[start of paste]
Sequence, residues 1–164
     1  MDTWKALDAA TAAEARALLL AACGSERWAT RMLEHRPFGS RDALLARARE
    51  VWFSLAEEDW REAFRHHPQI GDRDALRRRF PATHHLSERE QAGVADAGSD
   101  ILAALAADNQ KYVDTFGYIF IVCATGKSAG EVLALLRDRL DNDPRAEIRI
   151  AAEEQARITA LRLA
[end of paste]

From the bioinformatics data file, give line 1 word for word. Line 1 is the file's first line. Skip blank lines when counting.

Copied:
Sequence, residues 1–164